So.... this blog isn't really about bacon or bird eggs. But I do LOVE bacon (who doesn't?) and I do love bird eggs, mostly because they hatch the cutest creatures on earth -not for eating!

I'm starting this blog so that I can keep a journal of my island adventures. Last year I spent 5 months on Southeast Farallon Island working with seabirds and neglected to keep any sort of blog or journal... and I have suffered from internal guilt ever since. Maybe I'll do a Farallon Special Feature sometime between islands? Until then you will be hearing of my Tern Island tales. Tern is a tiny 30-something acre island in the middle of the Pacific in the French Frigate Shoals, which is part of the Papahānaumokuākea Marine National Monument about 500ish miles northwest of O'ahu. Here's a link to a picture I didn't take (Tern is the rectangle):

12 April 2010

Alternate Blog

Since Blogspot and Tern Island's internet don't seem to play nicely, I've experimentally started up the same blog on Wordpress at Hopefully this will work as an alternate when I can't get photos to upload on Blogspot... seems to work so far!

10 April 2010

I've Got the Blues

No, I'm not about to sing a Rolling Stones song... but I am going to tell you about our latest Boat Day! In which the mighty tiny islands of Shark, East, Gin, and Little Gin were visited by six large trompling (that's my own variation of the word trampling) humanoids.
What's this got to do with the blues? Boat Day is the best day to see every shade of blue you thought existed and then more blues that you never knew could exist. The blues are so magnificently abundant that they can even be found reflecting off the clouds or the white bellies of soaring seabirds. The only thing that doesn't seem to have a hint of blue is my skin... which is currently comparable to the color of the frigatebird throats in my last post.

the not-so-safe safeboat

One of my favorite parts of visiting these island is getting to feel like a pirate. Jumping into the water, anchor in hand, simming/running/stumbling to sandy shores ready to pillage and plunder! And by pillage and plunder, I mean count critters in our bikinis and pick up trash. Cleaning service anyone?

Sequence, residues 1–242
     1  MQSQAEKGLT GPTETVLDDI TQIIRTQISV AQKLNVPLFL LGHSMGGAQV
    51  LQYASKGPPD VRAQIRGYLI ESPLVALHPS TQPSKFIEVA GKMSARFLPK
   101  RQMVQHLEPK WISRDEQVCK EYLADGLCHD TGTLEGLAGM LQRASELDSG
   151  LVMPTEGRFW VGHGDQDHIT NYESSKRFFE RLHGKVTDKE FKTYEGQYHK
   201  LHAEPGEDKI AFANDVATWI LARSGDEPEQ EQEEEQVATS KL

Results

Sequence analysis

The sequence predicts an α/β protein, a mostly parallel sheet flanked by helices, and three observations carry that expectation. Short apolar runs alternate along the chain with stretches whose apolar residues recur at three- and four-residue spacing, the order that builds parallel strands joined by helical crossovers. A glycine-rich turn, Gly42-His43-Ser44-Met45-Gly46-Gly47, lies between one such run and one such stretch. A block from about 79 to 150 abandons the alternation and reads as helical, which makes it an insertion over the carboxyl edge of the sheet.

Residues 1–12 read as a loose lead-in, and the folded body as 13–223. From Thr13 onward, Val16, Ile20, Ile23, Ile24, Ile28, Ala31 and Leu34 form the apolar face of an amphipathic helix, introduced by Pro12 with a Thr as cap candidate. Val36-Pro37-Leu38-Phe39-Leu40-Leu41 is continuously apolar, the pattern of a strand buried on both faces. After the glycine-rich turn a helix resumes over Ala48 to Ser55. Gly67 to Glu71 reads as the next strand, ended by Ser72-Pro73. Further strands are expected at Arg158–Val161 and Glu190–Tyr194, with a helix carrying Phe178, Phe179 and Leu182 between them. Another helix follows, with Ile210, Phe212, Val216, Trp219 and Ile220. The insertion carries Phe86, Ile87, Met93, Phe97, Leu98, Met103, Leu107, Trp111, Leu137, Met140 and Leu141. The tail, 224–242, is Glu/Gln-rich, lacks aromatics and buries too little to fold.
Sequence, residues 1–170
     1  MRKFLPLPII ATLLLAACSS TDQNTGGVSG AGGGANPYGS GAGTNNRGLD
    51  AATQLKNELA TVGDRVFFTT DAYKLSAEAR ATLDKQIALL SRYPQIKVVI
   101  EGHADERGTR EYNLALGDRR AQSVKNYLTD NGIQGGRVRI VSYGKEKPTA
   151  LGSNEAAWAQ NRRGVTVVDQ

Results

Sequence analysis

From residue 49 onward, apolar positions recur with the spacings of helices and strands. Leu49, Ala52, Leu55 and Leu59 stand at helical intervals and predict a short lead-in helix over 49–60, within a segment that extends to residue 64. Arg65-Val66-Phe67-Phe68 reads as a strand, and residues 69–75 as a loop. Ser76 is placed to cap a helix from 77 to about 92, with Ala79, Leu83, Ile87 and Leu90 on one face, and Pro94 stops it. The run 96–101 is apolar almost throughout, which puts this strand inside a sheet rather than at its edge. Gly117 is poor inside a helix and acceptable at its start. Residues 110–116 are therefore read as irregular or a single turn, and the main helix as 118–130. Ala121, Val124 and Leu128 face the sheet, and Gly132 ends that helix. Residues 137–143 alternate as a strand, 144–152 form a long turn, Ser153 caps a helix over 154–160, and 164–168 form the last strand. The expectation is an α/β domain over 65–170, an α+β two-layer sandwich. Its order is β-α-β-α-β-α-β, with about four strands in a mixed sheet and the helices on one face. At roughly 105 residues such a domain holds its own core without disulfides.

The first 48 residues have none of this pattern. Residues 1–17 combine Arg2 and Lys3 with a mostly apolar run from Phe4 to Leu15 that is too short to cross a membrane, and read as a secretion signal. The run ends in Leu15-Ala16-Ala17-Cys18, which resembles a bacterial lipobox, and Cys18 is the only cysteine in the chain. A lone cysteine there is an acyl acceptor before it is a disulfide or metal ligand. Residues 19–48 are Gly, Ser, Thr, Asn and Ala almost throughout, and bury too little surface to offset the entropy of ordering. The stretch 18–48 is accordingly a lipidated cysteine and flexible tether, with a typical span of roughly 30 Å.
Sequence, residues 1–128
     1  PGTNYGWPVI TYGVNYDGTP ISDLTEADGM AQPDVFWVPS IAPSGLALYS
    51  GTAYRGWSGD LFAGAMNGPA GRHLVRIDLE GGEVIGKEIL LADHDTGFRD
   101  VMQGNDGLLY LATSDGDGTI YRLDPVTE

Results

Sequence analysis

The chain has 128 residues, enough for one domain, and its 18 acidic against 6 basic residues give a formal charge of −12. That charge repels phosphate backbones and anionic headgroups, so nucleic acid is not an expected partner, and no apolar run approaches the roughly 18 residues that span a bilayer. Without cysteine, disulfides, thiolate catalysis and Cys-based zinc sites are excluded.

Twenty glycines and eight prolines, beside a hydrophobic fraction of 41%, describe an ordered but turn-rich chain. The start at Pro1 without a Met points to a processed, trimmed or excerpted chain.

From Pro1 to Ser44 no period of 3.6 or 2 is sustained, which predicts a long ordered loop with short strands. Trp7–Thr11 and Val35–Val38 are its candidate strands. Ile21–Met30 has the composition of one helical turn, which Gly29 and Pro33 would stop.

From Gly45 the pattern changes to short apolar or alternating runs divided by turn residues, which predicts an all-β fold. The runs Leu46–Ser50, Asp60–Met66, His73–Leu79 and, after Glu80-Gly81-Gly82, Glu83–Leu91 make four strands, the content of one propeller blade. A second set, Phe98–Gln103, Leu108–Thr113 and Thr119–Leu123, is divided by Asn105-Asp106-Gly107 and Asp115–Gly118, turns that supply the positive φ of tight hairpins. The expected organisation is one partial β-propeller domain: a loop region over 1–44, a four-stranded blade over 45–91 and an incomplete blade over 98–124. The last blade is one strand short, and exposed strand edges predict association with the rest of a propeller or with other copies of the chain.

one, two, three hundred....


Okay, so picking up marine debris isn't the most fun, but it's worth it to spend some time on the water and on some beautiful patches of sand. And of course seeing some whales on the way and jumping into the water to snorkel off pristine coral reefs with some manta rays isn't bad either. Until the assistant managers yells out, "Time to swim back to the boats NOW!" Hello shark.
Because I always seem to forget to charge my underwater camera on boat days, here's a photo of some spotted eagle rays I took from Tern's shore. And if you're wondering... yes they are.

And some more photos from East Island just for fun!

07 April 2010

Slow Internet and Expired Canned Food

Those are two things I dont love.

I've been trying to update the blog, but my latest post requires pictures and I can't get them to upload... hopefully it will happen soon.

31 March 2010

Bird Lust and Torgies

Love is in the air... and water.

Frigatebirds have been getting busy, shaking their jazz hands, puffing out their irridescent feathers, and smothering lucky pink-eye-liner wearing ladies with their bulbous red gular pouches. The result: eggs have been popping out left and right! The only down side to this event is territorial males that relentlessly whack me on the head. The upside is that there will be a whole new lineage of juvenile frigates to play grab-the-stick with!